Analytics play a major role
Thanks to analytics, you can get a 360° view of the customer. Most companies, however, have not yet reached the point where they have this level of insight. Rather, they work in a channel-centric instead of a customer-centric way. As a result of this, the customer often receives the same message via several channels. Or even worse: clashing messages.
So what is the correct way to go about this? By integration and (realtime) interaction. Integration of the different points of contact with the customer, and interaction based on the insights you gain from this. This is how you can truly generate added value! Imagine this: you are watching the shopping window of a clothes store and you post an Instagram-message about the “way too beautiful new collection #shopaholic”. The store can react with a message: “If you buy something here now, you receive a 20% reduction”. This way, both the customer and the store is happy. A true win-win situation, in other words.
Retail companies can also use real-time insights from integrated information in other ways. Even IoT is an option here. Just think of a supermarket that places sensors in the store to monitor the customer stream. This way, they gain insight into the customers’ behaviour - for example, how they move through the store and where they stand still most often. These insights can help them to offer suppliers the best positions in the store. Or they can observe in real time that a client spends a lot of time at the wine tasting stall, and decide to offer a reduction on the price of this wine.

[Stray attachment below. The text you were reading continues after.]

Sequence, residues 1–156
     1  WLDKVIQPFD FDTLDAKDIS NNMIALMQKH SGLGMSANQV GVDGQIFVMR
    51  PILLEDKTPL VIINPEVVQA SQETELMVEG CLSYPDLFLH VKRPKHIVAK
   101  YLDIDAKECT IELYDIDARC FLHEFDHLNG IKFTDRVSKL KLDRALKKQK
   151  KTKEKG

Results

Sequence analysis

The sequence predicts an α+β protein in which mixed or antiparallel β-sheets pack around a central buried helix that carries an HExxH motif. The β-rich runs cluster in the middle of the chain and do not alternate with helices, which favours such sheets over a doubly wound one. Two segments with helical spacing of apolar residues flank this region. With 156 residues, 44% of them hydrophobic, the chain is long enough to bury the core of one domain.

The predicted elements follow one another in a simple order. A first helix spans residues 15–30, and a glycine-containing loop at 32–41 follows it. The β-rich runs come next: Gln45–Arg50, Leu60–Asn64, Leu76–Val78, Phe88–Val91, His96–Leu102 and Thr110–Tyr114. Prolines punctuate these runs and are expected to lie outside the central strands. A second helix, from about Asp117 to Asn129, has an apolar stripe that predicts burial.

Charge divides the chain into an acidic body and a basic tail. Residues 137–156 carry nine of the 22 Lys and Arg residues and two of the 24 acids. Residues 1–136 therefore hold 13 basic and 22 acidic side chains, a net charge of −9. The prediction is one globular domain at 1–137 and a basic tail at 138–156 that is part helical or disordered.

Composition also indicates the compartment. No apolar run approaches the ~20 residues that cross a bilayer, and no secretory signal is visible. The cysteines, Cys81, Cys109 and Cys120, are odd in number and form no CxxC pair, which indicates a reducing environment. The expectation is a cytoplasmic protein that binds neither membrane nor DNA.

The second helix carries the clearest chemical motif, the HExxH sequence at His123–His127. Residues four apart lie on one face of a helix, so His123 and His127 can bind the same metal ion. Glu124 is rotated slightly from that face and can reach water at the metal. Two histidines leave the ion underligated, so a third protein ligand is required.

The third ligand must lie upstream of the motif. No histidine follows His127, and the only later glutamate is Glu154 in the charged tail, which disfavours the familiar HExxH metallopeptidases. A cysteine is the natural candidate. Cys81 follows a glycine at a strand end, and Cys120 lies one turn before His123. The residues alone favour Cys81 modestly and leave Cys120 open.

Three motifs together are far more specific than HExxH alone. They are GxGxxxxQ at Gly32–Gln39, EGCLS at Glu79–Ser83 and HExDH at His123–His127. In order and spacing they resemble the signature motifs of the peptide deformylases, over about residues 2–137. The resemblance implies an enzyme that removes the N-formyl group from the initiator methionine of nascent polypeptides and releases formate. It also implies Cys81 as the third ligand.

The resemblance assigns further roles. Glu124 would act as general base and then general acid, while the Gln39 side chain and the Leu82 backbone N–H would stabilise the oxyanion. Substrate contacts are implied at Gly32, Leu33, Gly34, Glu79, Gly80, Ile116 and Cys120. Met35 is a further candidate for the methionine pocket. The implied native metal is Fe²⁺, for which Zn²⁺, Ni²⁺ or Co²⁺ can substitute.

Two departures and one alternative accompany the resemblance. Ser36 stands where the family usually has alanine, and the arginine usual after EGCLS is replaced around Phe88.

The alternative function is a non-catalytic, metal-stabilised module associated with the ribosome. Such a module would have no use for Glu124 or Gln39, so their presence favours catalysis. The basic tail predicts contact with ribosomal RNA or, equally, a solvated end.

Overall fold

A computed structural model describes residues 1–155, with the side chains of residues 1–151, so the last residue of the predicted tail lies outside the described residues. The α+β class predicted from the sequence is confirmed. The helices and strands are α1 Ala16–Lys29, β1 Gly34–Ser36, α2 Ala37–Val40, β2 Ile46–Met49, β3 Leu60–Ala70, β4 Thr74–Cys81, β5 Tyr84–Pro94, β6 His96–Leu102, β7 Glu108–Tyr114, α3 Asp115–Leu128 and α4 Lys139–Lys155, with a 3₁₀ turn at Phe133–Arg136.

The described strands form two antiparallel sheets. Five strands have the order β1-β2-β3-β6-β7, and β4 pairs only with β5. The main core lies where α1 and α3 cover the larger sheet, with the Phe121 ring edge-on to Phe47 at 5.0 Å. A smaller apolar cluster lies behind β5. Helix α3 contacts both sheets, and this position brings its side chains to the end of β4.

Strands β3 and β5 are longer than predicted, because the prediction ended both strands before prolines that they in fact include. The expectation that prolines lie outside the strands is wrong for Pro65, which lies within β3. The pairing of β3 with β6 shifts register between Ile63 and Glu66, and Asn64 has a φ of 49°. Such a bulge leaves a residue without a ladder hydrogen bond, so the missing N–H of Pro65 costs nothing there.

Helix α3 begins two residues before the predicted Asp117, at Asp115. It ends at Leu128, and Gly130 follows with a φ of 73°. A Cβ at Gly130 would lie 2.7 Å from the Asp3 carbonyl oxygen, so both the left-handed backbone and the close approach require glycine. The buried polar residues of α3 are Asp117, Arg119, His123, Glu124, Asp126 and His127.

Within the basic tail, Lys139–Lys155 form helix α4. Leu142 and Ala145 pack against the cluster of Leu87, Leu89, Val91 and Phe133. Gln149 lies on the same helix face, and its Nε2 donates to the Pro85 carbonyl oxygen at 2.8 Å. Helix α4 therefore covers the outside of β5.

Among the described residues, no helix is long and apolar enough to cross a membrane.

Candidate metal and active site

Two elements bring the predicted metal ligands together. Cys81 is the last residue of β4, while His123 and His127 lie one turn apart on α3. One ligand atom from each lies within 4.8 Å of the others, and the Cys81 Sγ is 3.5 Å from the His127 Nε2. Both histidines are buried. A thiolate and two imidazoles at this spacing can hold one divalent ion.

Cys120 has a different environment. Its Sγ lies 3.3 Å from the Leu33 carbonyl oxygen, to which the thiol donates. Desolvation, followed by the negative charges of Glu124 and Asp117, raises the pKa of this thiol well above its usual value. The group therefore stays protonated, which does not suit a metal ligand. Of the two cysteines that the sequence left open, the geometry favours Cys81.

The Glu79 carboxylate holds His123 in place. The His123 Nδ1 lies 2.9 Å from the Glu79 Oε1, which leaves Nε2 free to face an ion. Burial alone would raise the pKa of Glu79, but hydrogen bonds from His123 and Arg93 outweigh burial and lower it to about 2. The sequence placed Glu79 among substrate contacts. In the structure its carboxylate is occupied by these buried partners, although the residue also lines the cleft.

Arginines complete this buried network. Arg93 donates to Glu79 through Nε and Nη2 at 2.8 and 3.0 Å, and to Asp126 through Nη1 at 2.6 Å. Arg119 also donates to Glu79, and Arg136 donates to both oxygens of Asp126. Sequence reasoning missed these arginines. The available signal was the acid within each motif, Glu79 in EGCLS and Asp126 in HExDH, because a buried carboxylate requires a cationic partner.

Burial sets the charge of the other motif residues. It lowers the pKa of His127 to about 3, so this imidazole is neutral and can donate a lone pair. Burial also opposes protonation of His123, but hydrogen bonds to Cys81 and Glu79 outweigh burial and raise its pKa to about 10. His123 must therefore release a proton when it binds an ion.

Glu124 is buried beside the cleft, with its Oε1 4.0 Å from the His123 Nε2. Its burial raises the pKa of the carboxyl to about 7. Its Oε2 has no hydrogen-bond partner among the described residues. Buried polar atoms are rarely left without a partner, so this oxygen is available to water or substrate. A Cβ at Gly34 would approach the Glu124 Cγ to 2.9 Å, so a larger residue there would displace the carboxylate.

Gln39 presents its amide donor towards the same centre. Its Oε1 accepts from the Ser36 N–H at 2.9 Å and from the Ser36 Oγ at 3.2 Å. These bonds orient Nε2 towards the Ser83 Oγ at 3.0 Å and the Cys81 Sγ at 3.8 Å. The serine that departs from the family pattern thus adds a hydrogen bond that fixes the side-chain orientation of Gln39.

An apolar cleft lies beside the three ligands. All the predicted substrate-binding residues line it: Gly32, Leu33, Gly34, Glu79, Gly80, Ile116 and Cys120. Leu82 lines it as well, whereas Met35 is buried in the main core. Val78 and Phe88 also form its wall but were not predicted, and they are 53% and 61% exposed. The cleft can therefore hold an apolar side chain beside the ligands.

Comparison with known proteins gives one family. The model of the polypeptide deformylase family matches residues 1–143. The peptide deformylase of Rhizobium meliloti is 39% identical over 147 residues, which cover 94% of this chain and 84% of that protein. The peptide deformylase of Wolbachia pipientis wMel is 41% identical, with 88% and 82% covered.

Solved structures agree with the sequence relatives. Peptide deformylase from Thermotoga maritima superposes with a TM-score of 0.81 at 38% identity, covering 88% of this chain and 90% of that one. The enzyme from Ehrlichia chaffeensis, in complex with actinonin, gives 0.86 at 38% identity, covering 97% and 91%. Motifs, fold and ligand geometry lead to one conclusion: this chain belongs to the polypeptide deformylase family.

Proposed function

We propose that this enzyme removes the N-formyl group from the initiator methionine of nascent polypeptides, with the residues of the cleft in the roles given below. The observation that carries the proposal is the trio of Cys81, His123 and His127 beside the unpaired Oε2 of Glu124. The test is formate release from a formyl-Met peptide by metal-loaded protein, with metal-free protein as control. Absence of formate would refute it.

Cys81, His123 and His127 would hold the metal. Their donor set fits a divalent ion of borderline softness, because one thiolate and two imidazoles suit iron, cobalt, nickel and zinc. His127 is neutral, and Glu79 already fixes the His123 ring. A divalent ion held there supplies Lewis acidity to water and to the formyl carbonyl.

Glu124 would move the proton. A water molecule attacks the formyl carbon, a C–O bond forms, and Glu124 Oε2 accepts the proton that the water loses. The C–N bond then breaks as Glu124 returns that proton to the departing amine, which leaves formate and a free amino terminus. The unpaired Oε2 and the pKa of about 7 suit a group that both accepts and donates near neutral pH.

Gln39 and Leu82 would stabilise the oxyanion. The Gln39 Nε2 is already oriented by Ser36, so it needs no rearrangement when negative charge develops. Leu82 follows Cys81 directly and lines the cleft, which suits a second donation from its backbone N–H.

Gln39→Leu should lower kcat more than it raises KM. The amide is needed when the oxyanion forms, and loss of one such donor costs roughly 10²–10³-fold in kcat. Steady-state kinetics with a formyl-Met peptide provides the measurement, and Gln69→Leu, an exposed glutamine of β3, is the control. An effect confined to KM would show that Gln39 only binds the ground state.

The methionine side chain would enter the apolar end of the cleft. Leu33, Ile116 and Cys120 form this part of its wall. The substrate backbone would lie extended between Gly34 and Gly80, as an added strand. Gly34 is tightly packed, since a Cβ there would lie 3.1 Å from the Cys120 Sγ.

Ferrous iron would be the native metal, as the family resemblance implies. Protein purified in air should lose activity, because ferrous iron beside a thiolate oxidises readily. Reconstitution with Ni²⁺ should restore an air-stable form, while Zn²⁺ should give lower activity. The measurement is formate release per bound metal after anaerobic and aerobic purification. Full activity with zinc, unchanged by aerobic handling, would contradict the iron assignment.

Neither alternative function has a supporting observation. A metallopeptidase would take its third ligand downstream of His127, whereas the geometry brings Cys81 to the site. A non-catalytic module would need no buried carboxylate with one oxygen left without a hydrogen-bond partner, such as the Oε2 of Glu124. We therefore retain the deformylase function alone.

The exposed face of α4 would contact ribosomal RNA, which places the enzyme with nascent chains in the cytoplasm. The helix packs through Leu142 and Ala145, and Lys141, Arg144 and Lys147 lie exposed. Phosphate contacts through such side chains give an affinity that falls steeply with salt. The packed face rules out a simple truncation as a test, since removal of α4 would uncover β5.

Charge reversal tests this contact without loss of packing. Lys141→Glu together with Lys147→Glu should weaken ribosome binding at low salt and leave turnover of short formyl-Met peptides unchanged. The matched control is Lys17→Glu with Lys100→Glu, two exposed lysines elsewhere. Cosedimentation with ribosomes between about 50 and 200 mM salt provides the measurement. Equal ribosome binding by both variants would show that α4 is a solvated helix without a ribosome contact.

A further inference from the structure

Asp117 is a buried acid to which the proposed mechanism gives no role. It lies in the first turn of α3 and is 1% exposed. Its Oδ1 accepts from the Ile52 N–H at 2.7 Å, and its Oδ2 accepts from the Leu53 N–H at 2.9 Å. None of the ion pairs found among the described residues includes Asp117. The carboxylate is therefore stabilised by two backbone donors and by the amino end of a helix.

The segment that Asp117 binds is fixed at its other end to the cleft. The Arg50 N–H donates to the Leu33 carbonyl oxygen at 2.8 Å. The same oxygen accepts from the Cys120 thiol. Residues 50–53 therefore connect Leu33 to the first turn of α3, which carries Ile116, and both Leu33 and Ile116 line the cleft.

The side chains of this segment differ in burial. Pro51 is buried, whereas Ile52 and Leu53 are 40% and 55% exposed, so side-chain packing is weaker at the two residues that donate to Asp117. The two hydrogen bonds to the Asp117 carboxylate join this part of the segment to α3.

Privacy vs big data: quid pro quo
Recently, media reported that Belgians, more than other nationalities, are prepared to share data about their driving behaviour with the insurance company, if they get something in return. Free roadside assistance, for example, or a couple of free fuel refills. Or simply a reduction on the insurance fee, as Axa is already doing today. This is only one of the examples of how big data and privacy do not have to be mutually exclusive: if both companies feel that they can gain something, a lot is possible.
Looking for ‘the next best offer’
If a company has built a personal relationship with a customer based on the available data, it will be possible to make the right offer at the right time. The ‘next best offer’ is the offer which ensures that the customer behaves exactly as you expect him to do. If a customer’s transaction- and surfing behaviour shows that he has clear intentions to leave, you can make him an offer which appeals to him and which makes sure that they remain a customer. Or you do nothing at all, of course, if your analyses reveal that the costumer costs you more than he yields.
Data should not become a gadget, but gadgets can become data
Using the available data well can make the difference between a successful deal or a failed deal. Just think of people who are house hunting: based on their VR-experiences, visiting houses virtually from the real estate agent’s office, they can have their preferences saved. Later, the real estate agent can send them much more specific and relevant offers.
Sometimes, data can even make the difference between life and death. Smart watches and other wearables which can share information about your body, such as blood pressure, blood sugar level and heart rate can give a warning at crucial times and hence make a life-saving difference.
This way, devices which were bought primarily because of their fun-factor can become valuable sources of information.
Analytics have never been more relevant and important than today
Getting the right insights based on the many datasources from different channels and, especially, reacting in the right ways - often, this is enough for a company to be truly innovative.